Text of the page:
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Many parents feel stressed by their teenager’s behaviour, and worry about whether it is normal. We look at what changes children go through in their teenage years, and how to deal with the effects of bad teenage behaviour.
They say being a parent is the toughest job in the world. For some, it can certainly feel that way during the teenage years.
Teenagers' behaviour can be baffling, stressful, hurtful and often worrying. But in most cases it doesn't mean that there is anything more serious going on than the natural process of becoming an adult.
Many of the common behaviour issues that parents find hard are an essential part of puberty and growing up.
Surges of hormones, combined with body changes, struggling to find an identity, pressures from friends and a developing sense of independence, means the teenage years are a confusing time for your child. It can mean that they, for example, become aloof, want more time alone or with friends, feel misunderstood, reject your attempts to talk or show affection, or appear sullen and moody.
These changes in personality may be natural, but it doesn't mean as a parent you don't feel hurt and worried by them.
Teenagers can challenge even the calmest of parents. When you have further pressures in your life, such as other children, work, relationships, family commitments, illness, it can feel as though your teenager is going to push you over the edge.
Try to step back from the situation, and remember that they have physiological reasons for behaving in the ways that are so difficult to live with. They’re probably not enjoying it either. You’re the adult, and it is your responsibility to guide them through the difficult times. Don’t expect to enjoy your time with them all of the time, and remember to look after yourself.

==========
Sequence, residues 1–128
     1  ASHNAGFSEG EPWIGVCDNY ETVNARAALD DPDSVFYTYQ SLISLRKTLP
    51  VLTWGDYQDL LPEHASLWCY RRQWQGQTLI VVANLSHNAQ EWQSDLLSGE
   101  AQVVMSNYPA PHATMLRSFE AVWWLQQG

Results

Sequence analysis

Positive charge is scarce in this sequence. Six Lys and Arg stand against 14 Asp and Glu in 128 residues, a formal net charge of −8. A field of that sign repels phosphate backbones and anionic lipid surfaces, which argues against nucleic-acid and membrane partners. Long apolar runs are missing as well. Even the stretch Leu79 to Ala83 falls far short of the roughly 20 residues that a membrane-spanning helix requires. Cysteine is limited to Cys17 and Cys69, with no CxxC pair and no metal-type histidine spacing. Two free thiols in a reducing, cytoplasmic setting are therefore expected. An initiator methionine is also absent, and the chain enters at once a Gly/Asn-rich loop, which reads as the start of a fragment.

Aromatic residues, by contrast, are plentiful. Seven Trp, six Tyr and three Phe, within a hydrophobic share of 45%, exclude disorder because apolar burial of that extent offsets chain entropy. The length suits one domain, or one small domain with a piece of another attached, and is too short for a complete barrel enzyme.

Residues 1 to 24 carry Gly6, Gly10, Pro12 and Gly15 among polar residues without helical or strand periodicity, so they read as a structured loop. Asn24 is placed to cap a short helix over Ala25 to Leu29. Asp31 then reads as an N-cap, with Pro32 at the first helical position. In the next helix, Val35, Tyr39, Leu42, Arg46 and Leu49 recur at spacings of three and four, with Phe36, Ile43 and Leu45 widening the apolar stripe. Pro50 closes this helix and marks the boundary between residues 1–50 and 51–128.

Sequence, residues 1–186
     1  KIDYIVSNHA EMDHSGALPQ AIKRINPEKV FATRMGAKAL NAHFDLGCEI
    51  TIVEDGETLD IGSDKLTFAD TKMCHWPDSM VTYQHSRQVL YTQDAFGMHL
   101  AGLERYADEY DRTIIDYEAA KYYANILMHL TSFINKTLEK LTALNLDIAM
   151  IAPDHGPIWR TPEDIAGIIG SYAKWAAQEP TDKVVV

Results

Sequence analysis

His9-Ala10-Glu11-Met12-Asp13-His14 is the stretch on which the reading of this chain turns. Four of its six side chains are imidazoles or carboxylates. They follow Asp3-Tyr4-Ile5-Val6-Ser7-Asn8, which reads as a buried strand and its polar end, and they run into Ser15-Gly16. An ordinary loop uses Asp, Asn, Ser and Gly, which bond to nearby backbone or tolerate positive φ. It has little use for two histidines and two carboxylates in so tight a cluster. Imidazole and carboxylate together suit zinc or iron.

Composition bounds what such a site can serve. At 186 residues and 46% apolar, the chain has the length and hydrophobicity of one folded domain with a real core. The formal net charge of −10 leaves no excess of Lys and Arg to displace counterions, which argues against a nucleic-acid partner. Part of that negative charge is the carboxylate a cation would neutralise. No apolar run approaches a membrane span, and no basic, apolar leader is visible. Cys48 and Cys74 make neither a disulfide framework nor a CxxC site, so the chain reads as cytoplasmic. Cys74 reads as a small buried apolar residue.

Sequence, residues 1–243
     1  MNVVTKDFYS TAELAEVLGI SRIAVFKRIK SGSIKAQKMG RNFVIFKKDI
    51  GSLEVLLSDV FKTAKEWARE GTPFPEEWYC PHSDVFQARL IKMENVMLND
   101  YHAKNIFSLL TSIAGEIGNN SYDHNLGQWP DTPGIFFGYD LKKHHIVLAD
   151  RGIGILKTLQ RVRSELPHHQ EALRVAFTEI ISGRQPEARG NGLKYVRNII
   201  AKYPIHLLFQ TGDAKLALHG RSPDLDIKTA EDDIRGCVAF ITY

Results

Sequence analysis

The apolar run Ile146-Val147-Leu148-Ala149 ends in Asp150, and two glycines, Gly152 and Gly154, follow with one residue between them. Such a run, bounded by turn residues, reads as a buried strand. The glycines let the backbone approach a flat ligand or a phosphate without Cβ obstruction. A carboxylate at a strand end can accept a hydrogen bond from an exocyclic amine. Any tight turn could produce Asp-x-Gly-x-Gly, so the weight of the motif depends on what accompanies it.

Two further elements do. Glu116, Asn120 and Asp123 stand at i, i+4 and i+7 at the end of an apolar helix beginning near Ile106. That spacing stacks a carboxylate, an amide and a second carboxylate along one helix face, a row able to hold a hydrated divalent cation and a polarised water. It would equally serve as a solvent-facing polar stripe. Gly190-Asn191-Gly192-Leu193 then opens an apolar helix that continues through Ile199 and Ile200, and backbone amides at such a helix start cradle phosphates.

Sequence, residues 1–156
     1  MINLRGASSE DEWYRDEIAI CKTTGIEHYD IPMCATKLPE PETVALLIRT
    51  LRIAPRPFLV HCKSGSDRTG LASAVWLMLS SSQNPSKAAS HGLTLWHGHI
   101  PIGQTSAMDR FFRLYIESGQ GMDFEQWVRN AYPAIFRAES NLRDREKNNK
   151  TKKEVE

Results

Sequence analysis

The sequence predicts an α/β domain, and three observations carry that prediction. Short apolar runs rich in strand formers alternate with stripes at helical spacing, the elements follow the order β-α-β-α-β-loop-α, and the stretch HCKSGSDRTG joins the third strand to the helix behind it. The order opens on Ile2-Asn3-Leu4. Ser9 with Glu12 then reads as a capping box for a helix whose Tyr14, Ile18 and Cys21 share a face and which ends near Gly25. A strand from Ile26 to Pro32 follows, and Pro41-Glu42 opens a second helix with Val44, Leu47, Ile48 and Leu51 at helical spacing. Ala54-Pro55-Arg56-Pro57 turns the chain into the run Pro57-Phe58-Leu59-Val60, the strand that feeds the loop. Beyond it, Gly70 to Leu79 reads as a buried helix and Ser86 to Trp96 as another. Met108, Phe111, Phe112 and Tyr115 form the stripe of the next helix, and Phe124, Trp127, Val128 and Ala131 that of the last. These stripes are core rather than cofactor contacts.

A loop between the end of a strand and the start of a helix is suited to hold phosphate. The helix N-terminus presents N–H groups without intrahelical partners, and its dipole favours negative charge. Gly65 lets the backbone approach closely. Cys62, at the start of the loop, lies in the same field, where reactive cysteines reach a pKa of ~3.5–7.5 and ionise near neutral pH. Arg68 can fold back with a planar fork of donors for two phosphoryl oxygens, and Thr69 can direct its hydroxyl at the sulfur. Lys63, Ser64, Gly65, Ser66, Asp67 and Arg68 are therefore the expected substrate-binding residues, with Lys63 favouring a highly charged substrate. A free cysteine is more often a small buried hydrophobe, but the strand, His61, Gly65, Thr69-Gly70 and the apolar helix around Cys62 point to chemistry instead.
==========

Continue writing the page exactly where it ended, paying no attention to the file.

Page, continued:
If you’re feeling rejected because your teenager is keeping a distance, remember that forming strong friendships outside of the family is an important part of growing up. Try not to be offended. Try turning to your own friends, partner or family for support when it’s hard.
Young Minds, a mental health charity, advises that an effective way of coping with a troublesome teenager is to start by looking after yourself. For example:
Linda Blair, a clinical psychologist who works with families, explains that: “Teenagers can be largely emotional rather than logical because of the hormones rampaging through their bodies. It is not necessarily pleasant for them, and it can even feel frightening. Although it might be hard for you, they need you to maintain a calm consistent presence.”
Linda says: “If they see you smoking, drinking, taking drugs, they will see that as a green light to do the same themselves. And they won’t listen to you if you tell them not to do it.”
If you’re worried that your teenage son or daughter might be having unprotected sex, for example, don't assume they know the facts. Don’t, however, challenge them. Instead, simply offer them information, such a leaflet or website URL, to make sure they know the risks and how to be safe.
Make sure you allow them the time to be with you and talk to you when it seems right for them. And make sure you listen when they do want to talk. For example, offer a lift when they need to go somewhere – car journeys are a good time for talking.
Allow them to have their own space and privacy.
Even if they don’t seem responsive, they do need to know you love them.
Boundaries allow teenagers to feel safe. Decide what the limits are and then stick to them.
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